When she was 11, in 1882, Polish-born Rosa Luxemburg wrote to Germany's Kaiser Wilhelm: "I'm a complete fool in politics, but there's one thing I must tell you: Tell that swine Bismarck not to put peace at risk. Do it for the sake of Europe!"
That earnest little pacifist, small for her age and with a limp, grew into the firebrand "Red Rosa," probably the most spellbinding orator and writer on the pre-World War I political scene--and in writer-director Margarethe von Trotta's eyes, one of the most maligned.
She receives a full-scale rehabilitation in Von Trotta's stern, elegiac "Rosa Luxemburg" (at the Fine Arts) and a tender and passionate characterization by Barbara Sukowa--one that won Sukowa the Palme d'Or at Cannes in 1986.
It is a performance that heats up as it unfolds, becoming electrifying in its final third. That still leaves a lot of turn-of-the-century Socialist Party infighting for American audiences to hack their way through, as well as a plethora of possibly unfamiliar characters--such pillars of German socialism as August Bebel, Karl Kautsky, et al.
Luxemburg was a towering figure on the late 19th- and early 20th-Century political scene: a journalist, author, speaker, a leader of the German Social Democrats and finally a founder of the Spartacists (later the German Communist Party). Ironically, it was her pacifism that resulted in most of her prison terms; she spent World War I imprisoned "as a precautionary measure."
Even after the war, her fame was not protection enough. In 1919, during an unsuccessful attempt by various insurgent groups to hold Berlin, Luxemburg was captured by members of the Freikorps, an unruly volunteer militia. Along with Karl Liebknecht, she was murdered and her body unceremoniously dumped into the Landwehr canal, where it would not be found for months.
Sukowa's intelligence (which also helped shape Von Trotta's "Marianne and Juilanne" into the piece of hypnotism that it was) anchors the film, making Luxemburg a woman as deeply connected to her friends, her plants, her yellow-eyed cat as to political dialectic.
While we are made to admire the whole woman, it's hard to overlook the fact that in private, Luxemburg was absolutely intractable, as much a weakness in love as a strength on the speaking platform.
Luxemburg had shared her life and work with Leo Jogiches (Polish star Daniel Olbrychski, of "the Tin Drum" and countless Wajda films)--writing him ardently that, because of their rare combination of shared commitment and intellectual equality, "no other couple has such potential for happiness."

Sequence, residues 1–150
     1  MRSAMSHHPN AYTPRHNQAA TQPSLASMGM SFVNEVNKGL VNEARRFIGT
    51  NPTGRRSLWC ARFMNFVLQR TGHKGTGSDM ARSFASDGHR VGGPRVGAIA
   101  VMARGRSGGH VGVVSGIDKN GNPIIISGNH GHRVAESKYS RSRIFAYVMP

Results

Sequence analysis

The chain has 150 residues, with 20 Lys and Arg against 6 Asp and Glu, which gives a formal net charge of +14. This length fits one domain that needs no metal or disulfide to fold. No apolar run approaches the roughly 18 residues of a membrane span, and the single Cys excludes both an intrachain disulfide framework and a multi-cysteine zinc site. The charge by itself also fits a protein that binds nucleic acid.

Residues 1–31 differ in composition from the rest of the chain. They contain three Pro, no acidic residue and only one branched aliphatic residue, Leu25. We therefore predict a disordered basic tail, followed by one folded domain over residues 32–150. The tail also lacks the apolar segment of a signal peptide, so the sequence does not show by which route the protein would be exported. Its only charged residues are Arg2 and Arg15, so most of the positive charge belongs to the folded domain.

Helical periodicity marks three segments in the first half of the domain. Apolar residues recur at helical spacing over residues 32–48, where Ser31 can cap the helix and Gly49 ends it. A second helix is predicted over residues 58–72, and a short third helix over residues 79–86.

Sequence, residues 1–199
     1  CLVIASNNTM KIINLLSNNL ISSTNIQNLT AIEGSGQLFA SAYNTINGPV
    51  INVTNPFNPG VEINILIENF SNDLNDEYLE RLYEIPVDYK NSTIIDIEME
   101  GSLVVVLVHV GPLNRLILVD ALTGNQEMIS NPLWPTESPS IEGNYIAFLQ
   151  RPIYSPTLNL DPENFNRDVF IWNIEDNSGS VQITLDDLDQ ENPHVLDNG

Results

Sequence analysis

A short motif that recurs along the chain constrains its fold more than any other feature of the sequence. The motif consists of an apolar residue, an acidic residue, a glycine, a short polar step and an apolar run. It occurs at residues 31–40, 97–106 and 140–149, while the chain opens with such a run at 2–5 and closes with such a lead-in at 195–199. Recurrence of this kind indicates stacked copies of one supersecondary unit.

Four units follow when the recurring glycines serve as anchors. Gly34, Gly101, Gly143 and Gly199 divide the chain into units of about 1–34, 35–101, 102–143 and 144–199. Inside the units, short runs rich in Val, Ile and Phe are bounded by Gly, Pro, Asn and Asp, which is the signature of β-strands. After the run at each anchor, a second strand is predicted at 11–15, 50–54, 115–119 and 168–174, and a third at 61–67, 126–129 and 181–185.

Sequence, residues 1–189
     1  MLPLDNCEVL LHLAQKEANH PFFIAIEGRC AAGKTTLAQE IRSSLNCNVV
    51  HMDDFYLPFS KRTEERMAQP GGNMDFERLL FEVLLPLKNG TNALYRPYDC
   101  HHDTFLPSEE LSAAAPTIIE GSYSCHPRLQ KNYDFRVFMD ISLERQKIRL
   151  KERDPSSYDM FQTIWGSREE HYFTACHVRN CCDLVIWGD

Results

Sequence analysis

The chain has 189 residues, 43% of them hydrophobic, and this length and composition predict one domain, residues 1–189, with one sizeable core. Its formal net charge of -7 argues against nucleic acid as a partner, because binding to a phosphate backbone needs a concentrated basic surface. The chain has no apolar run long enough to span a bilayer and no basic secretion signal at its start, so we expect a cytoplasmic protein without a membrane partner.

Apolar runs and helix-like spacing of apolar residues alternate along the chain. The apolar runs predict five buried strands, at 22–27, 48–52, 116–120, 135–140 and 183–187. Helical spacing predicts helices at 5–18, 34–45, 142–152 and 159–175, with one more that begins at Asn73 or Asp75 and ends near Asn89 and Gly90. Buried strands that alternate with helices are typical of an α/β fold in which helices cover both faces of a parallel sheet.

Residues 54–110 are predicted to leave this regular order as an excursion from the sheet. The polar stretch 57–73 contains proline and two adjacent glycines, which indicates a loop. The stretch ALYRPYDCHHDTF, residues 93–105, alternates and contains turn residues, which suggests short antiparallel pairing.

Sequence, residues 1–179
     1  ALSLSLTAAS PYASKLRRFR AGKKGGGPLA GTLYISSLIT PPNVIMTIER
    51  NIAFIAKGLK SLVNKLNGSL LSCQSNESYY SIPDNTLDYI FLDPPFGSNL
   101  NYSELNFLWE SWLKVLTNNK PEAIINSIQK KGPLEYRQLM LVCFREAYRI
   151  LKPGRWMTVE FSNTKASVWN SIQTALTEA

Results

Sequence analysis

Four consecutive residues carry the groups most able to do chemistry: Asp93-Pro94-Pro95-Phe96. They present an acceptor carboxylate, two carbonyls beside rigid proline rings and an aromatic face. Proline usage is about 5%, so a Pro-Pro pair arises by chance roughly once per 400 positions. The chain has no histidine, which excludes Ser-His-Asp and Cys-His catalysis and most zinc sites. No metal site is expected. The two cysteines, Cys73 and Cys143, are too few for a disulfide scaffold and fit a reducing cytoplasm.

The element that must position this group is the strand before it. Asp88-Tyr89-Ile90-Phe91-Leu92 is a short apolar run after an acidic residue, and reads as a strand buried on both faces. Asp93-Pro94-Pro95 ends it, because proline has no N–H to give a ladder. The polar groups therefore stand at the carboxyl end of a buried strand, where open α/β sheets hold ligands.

But when she ferrets out that, while he was underground, he had a passing romance with a sympathetic comrade, she casts him out, immediately and implacably. Slept with someone--bad enough; worked with her--an impossible intimacy. (This is a German, not a French couple, to be sure.)
Von Trotta makes Jogiches a shadow figure. Perhaps he was one; Luxemburg complains that his answers to her radiant letters were pages of rhetoric, no references to "normal life," and none of his letters remain. (Tons of hers do, 2,500 of them.) But he remains in the film and close by her side, and Olbrychski is almost too charismatic to be moved to the background this way.
In the foreground is a woman of strength and resilience despite frequent imprisonment, increasingly despairing of the world's turn toward war. Her pacifism is the peg that Von Trotta uses as Luxemburg's relevance to audiences today, and it works.
But Sukowa's towering performance aside (a tour de force since she plays in Luxemburg's native Polish), it is still more a film to admire than to embrace, and Americans may need a brisk refresher course in European political history before the story's stormy characters stand in clear perspective.
A New Yorker Films Release of a Bioskop Film Munich Production. Producer Eberhard Junkersdorf. Writer/director Margarethe von Trotta. Camera, lighting Franz Rath. Editor Dagmar Hirtz. Sound Christian Moldt. Art direction Bernd Lepel & Karel Vacek. Costumes Monika Hasse. Music Nicholas Economou. Historical and other research Annelies Laschitza, Bernhard Von Mutius, Helmut Hirsh. With Barbara Sukowa, Daniel Olbrychski, Otto Sander, Andelheid Arndt, Jurgen Holtz, Doris Schade, JanPaul Biczycki.
Times rated: Mature
Running time: 2 hours, 2 minutes.